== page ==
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British Journal of Guidance & Counselling, Vol. 32, No.

2, May 2004

The relative importance of psychological acceptance and emotional intelligence to workplace well-being
EJD Associates, UK

Department of Psychology, Goldsmiths College, University of London, New Cross, London SE14 6NW UK. E-mail: ,


Psychological acceptance (acceptance) and emotional intelligence (EI) are two relatively new individual characteristics that are hypothesised to affect well-being and performance at work. This study compares both of them, in terms of their ability to predict various well-being outcomes (i.e. general mental health, physical well-being, and job satisfaction). In making this comparison, the effects of job control are accounted for; this is a work organisation variable that is consistently associated with occupational health and performance. Results from 290 United Kingdom workers showed that EI did not significantly predict any of the well-being outcomes, after accounting for acceptance and job control. Acceptance predicted general mental health and physical well-being but not job satisfaction, and job control was associated with job satisfaction only. Discussion focuses on the theoretical and applied implications of these findings. These include support for the suggestion that not controlling ones thoughts and feelings (as advocated by acceptance) may have greater benefits for mental well-being than attempting consciously to regulate them (as EI suggests).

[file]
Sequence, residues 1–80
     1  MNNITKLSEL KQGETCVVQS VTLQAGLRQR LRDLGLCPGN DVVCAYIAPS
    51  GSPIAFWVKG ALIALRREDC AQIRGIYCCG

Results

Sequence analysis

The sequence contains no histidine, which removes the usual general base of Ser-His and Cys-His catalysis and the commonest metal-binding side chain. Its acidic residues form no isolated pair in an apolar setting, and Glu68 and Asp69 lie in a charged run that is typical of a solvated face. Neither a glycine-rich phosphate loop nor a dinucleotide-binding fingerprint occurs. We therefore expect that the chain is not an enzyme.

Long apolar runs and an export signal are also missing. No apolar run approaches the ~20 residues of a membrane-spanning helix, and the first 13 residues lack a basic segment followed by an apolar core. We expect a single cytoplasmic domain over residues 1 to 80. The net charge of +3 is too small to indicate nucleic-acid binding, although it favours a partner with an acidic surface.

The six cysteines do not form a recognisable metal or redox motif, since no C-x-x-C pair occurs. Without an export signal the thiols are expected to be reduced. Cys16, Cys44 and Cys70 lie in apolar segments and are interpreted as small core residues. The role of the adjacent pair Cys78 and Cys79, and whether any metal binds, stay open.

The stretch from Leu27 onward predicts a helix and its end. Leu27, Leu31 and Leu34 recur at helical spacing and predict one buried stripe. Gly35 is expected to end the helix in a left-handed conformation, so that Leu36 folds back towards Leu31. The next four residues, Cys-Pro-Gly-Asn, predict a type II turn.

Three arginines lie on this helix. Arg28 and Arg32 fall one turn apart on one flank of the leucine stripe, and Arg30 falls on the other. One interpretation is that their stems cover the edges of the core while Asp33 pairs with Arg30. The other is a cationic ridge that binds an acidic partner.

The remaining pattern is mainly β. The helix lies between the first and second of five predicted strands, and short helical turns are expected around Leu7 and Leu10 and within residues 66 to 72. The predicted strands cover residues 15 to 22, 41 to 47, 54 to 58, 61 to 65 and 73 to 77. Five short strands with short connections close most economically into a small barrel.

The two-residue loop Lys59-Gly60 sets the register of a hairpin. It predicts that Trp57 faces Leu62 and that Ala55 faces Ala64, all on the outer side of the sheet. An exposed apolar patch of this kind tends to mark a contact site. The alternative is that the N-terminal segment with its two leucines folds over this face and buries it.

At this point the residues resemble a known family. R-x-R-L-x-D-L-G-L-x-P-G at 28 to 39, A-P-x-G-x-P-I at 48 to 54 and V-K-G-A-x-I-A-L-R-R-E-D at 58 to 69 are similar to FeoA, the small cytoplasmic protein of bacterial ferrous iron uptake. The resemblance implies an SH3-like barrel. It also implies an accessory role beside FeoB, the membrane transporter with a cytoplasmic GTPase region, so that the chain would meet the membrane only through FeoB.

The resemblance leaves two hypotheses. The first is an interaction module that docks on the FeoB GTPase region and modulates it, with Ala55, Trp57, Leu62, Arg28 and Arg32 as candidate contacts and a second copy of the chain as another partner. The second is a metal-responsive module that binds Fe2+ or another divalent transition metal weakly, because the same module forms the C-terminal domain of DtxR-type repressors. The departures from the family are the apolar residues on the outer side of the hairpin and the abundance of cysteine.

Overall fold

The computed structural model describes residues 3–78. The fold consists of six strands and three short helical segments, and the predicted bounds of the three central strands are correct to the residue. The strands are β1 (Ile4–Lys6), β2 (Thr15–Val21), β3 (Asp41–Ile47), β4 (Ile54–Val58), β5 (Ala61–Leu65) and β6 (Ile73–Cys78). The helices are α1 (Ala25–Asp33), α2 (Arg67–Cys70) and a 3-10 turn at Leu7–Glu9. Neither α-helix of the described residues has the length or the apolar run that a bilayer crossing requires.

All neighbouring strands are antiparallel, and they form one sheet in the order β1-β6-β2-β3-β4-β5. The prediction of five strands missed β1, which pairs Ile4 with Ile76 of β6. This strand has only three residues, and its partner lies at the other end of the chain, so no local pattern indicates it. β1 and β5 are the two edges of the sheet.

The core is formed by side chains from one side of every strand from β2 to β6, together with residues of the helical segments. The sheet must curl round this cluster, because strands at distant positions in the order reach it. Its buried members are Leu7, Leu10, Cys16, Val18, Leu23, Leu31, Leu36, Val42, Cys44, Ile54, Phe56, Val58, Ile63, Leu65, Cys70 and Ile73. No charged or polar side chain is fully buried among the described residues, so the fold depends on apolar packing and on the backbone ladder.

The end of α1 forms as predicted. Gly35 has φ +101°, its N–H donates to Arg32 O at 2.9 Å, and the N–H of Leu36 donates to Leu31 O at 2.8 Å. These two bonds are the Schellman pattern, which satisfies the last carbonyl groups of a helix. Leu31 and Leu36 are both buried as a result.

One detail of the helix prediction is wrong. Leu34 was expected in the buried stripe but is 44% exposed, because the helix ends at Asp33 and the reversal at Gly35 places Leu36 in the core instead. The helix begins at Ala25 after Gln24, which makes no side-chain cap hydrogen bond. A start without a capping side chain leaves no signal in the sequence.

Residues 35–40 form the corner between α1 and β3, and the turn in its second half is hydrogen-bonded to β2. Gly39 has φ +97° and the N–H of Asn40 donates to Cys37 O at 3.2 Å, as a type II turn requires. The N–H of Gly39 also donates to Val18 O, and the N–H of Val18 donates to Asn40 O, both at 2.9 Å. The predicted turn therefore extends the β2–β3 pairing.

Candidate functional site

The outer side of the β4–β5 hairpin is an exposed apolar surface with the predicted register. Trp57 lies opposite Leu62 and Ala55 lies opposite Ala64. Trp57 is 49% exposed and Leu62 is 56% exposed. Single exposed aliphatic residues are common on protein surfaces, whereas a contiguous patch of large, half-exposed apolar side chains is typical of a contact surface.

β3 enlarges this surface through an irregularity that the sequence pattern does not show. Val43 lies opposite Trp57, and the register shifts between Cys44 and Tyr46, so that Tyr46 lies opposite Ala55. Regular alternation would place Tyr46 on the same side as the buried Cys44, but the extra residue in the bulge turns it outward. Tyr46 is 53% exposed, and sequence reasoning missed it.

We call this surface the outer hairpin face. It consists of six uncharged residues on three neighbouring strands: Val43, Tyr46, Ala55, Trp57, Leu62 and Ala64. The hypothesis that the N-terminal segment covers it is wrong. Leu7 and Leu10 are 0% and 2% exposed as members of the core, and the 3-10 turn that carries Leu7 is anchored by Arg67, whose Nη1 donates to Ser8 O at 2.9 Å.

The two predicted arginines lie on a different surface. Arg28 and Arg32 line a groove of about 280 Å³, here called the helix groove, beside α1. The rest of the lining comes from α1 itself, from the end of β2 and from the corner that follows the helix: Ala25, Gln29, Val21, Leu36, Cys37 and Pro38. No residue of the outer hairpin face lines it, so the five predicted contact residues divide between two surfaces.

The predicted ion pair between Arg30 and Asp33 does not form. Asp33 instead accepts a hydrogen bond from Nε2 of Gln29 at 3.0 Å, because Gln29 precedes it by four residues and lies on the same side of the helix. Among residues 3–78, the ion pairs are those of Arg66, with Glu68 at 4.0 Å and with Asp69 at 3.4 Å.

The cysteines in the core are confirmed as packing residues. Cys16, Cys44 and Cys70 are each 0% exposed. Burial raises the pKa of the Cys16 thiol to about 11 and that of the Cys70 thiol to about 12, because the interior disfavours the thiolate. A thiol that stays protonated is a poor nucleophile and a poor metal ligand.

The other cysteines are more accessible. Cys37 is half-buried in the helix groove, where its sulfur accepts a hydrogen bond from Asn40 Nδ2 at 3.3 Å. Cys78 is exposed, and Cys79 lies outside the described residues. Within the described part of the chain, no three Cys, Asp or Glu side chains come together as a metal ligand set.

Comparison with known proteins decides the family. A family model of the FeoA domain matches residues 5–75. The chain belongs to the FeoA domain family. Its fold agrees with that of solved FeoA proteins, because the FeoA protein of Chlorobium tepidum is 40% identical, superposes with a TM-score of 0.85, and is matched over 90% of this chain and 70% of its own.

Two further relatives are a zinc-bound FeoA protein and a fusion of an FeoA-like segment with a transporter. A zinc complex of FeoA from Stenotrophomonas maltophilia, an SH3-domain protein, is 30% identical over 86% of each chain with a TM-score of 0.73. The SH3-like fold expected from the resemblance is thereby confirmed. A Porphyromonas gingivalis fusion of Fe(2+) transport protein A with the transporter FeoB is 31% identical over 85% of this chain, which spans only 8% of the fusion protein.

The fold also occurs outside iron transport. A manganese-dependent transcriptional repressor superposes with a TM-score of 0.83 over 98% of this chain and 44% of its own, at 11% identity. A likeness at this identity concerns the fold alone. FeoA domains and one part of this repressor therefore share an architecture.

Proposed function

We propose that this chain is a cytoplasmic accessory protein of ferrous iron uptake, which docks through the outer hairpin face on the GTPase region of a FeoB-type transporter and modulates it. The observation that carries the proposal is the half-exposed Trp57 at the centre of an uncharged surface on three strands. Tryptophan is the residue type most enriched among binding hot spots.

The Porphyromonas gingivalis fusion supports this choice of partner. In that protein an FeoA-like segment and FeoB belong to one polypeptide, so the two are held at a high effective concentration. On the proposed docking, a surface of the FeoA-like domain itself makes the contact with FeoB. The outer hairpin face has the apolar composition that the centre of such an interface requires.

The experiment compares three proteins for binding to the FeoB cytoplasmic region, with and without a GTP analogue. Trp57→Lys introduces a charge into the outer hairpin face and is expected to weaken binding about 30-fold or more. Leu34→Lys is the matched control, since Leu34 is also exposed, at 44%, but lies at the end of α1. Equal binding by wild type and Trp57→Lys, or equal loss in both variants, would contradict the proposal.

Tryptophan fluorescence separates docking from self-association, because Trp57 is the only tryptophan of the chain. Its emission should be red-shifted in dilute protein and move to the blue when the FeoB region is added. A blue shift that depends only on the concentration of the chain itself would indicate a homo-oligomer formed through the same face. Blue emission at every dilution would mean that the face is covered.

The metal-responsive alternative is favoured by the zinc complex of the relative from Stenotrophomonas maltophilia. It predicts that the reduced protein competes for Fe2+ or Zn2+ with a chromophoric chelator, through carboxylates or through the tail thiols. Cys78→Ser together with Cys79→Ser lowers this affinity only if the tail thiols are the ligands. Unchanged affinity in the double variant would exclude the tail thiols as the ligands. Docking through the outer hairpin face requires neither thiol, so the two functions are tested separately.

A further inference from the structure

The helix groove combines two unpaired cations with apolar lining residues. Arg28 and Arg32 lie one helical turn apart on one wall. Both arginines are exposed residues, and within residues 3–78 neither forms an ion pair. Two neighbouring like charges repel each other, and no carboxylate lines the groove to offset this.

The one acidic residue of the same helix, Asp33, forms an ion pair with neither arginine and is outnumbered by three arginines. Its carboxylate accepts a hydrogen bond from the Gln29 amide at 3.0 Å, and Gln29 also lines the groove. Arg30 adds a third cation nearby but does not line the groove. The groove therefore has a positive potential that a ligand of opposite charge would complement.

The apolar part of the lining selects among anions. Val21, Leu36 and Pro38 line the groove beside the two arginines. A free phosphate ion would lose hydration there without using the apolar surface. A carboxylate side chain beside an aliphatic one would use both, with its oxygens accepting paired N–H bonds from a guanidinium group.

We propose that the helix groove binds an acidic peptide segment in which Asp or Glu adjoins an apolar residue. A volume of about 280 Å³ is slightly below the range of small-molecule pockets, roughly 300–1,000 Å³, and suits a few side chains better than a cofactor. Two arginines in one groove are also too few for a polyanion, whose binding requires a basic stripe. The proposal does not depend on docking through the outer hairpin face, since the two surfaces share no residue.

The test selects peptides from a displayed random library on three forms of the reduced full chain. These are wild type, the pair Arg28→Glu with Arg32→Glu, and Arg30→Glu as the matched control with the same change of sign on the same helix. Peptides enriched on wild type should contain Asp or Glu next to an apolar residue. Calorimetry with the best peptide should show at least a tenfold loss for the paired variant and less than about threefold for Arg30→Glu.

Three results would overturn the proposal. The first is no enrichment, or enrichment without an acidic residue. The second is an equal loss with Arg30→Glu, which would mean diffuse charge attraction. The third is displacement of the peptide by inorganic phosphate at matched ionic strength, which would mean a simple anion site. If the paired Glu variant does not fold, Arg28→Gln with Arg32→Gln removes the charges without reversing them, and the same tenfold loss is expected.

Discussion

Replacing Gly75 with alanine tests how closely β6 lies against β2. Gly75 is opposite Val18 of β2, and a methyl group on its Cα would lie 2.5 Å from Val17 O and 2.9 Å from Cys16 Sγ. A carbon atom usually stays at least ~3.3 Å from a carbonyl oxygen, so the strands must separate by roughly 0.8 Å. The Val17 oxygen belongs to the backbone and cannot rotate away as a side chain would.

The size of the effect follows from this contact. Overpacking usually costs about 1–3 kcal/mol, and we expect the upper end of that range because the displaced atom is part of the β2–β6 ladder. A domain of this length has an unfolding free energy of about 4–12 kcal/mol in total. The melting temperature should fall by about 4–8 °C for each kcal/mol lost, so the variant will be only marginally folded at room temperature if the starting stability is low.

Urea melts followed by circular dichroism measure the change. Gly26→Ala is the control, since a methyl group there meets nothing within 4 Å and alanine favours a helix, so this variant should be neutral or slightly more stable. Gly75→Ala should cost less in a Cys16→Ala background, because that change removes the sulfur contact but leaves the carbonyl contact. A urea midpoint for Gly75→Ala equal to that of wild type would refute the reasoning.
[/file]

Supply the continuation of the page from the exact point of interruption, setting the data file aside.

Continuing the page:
For many years, psychologists have studied individual characteristics in an attempt to find explanations as to why similar work and organisational characteristics are associated with varying degrees of well-being amongst people (Grimshaw, 1999). Type A behaviour pattern (Type A; Friedman & Rosenman, 1974), locus of control (Rotter, 1966) and negative affectivity (Watson & Pennebaker, 1989) have, in particular, received a great deal of attention in the field of occupational psychology (Jex, 1998). The goal of the current study is to compare two newer individual characteristics, psychological acceptance and emotional intelligence, in terms of their ability to predict well-being (i.e. general mental health, physical well-being, and job
ISSN 0306-9885/print/ISSN 1469-3534/online/04/020187-17 # 2004 Careers Research and Advisory Centre DOI: 10.1080/08069880410001692210

188 Emma J. Donaldson-Feilder & Frank W Bond . satisfaction). Psychological acceptance (also referred to as acceptance) refers to a willingness to experience thoughts, feelings, and physiological sensations, especially those which are negatively evaluated (e.g. fear), without having to avoid them, or let them determine ones actions (e.g. Hayes, 1987; Hayes et al., 1999). Emotional intelligence (EI) describes peoples ability to perceive, understand, assimilate and regulate their emotions (Mayer & Salovey, 1997). The way that work is organised also affects well-being (e.g. Quick et al., 1997). As a result, we wished to examine the predictive effects of acceptance and EI, whilst accounting for those of job control, as research consistently shows that this work organisation variable is associated with occupational health and well-being (e.g. Terry & Jimmieson, 1999).